Every year at Sweet Briar College there’s an event called Briar Bowl in which a bunch of teams of nerds students with one faculty member each get together and compete by answering trivia. It’s loads of fun. There’s the opportunity for bragging rights hanging out with friends and faculty. I hope other schools host something similar. The questions are totally random: everything from pop-culture (author of 50 Shades of Gray) to mathematics (if an object is traveling at 5ft/s, how far has it gone in an hour?). The Dean reads the questions, and the students all scribble their answers in a mad flurry. When the science questions come up I get handed the pen whether I have a clue or not.

Once, I actually did know the answer. The particular factoid in question had been drilled into my head over and over ever since pre-biology in seventh grade. Question: What two scientists won the 1962 Nobel Prize for Physiology/Medicine for solving the conundrum of DNA’s structure? Answer: Francis Crick and James Watson (and technically, Maurice Wilkins).

Helix

Single Helix

Disclaimer: I’m not a biologist. Recently, I ended up learning a few things about DNA as a result of fellow Sweet Briar student, Samantha Meiser’s research. Before I get into that, I’d like to take a moment to recognize Rosalind Franklin, whose research on the structure of DNA was somewhat undermined by the official winners of the Nobel Prize. Rosalind Franklin took groundbreaking X-ray photographs of DNA molecules which revealed their helical (spiral) structure. Although Franklin had died by the time the award was given, it’s unlikely that her efforts would have been noted anyway, given the attitudes of those who received the prize. Francis Crick once admitted “I’m afraid we always used to adopt — let’s say, a patronizing attitude towards her” (1). That’s not to say that Crick, Watson, and Wilkins didn’t do valuable research. They did. But so did Franklin. Read this article for more of the story.

Anyway, some research has been done since the ’60’s which reveals that the double helix isn’t the only structure for DNA. What Watson and Crick did was connect the single helix’s from Franklin’s photographs, revealing that the actual structure is a double helix. Here’s a basic run down of this DNA (deoxyribonucleic acid) structure: the “double helix” is two long chains twisted around each other (like a swirling ladder). The chains are made of a few types of molecules, notably nucleotides. Nucleotides in DNA make up nucleic acids which fit together in neat pairs when the helices are fitted together. Below is a video for kids that actually explains it pretty well, and it’s only like two minutes long:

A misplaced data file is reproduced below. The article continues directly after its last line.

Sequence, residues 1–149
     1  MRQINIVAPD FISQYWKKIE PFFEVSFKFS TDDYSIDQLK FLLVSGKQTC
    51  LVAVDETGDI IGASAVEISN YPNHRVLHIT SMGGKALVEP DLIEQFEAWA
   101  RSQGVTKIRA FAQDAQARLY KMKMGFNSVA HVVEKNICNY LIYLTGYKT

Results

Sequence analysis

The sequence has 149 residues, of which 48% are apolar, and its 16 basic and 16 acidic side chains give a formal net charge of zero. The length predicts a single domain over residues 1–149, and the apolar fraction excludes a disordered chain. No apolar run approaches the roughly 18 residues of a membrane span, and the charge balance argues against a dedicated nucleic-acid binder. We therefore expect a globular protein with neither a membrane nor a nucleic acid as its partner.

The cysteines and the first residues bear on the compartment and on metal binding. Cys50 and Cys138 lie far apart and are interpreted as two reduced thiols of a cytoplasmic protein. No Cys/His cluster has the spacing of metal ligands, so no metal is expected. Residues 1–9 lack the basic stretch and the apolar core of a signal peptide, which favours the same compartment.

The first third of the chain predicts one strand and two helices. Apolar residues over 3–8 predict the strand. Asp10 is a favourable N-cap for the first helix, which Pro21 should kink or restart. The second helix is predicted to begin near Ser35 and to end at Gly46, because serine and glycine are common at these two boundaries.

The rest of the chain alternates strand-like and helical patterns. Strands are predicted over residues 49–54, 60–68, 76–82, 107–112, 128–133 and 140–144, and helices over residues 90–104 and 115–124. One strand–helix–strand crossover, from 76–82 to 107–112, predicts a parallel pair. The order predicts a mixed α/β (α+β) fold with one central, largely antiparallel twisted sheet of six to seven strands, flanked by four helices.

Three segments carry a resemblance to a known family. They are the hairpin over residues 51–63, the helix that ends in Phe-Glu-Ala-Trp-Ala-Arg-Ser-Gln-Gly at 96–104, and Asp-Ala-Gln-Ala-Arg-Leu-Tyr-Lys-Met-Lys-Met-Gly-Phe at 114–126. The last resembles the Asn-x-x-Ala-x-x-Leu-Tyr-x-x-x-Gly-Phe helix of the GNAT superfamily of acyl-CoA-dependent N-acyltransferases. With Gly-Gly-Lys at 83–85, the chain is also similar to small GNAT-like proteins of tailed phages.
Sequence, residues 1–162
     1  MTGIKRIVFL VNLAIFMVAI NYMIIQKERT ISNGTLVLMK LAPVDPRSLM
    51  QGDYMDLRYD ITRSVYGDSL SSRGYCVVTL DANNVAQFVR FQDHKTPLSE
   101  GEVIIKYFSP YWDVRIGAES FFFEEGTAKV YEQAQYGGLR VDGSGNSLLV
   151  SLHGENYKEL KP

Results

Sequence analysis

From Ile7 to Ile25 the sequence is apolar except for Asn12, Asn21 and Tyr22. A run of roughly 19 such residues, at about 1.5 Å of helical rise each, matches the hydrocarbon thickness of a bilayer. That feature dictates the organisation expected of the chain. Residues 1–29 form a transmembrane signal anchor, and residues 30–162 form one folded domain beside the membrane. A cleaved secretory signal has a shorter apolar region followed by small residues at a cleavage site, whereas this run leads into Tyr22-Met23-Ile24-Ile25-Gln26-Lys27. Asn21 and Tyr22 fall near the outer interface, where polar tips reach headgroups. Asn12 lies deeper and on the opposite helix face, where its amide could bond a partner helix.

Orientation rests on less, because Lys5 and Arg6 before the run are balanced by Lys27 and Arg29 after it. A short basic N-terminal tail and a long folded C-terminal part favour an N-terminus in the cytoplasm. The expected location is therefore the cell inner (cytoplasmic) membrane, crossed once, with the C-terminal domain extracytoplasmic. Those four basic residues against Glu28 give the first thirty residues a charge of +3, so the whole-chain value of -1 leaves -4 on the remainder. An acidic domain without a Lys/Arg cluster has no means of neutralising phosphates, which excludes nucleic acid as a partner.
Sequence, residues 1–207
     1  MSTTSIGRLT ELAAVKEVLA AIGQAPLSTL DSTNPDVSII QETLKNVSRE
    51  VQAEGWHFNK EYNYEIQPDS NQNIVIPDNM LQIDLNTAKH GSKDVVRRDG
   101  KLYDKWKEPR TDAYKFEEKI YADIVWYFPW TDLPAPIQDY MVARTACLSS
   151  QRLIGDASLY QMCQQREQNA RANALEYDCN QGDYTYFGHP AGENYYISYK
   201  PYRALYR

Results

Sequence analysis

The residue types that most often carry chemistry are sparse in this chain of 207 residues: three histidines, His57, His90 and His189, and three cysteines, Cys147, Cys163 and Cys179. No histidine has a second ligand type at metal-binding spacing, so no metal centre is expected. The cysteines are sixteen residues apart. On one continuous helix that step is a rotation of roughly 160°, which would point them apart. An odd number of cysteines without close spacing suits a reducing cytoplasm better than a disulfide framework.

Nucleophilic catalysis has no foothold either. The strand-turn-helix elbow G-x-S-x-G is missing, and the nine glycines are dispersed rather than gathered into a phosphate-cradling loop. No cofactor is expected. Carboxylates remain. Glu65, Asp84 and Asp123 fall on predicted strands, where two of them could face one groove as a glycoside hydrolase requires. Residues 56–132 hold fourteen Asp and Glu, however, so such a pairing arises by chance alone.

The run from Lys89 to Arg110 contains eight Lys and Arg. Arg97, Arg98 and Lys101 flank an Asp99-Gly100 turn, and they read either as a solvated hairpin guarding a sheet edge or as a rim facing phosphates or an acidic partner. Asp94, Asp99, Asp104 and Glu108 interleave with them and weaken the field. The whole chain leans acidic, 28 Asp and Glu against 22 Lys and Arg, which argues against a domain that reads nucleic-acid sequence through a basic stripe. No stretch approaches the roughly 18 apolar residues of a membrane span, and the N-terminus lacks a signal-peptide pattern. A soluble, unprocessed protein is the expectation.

So, just to throw a curve ball at you, there are actually other structures of DNA, like the g-quadruplex (this is what Samantha researched). G-quadruplex DNA is square-shaped, and consists of four of the same nucleotides (four guanines). Recent research has shown that this form of DNA is likely to occur naturally in some cells, and studying it may be valuable in understanding how cancer grows and spreads (2). It is believed that g-quadruplex DNA is important in the process of DNA replication (definitely check that link out). Therefore, if something goes wrong with the g-quadruplex structure, there could be serious negative impacts on the production of healthy DNA molecules (3).

File:G-quadruplex.svg

G-Quadruplex Molecule Structure (NOT a double-helix)

I’ve been under the impression that the double helix is the only structure for DNA. One of the reasons I choose to study science is that it’s always changing and advancing. You never know what you might learn to be true or untrue. In organic chemistry, there were numerous occasions in which the best the textbook could do was to say “it is believed that….”

What I’m learning today might be proven totally wrong in the next few years, but that’s okay. Science has to be adaptable and open to new possibilities, possibilities that we haven’t even imagined yet.

Thanks for reading : )

-Ashley

 

(1) http://www.pbs.org/wgbh/aso/databank/entries/do53dn.html

(2) http://www.scientificamerican.com/article.cfm?id=four-strand-dna-structure-found-cells

(3) http://bioinformatics.oxfordjournals.org/content/25/12/i374.full


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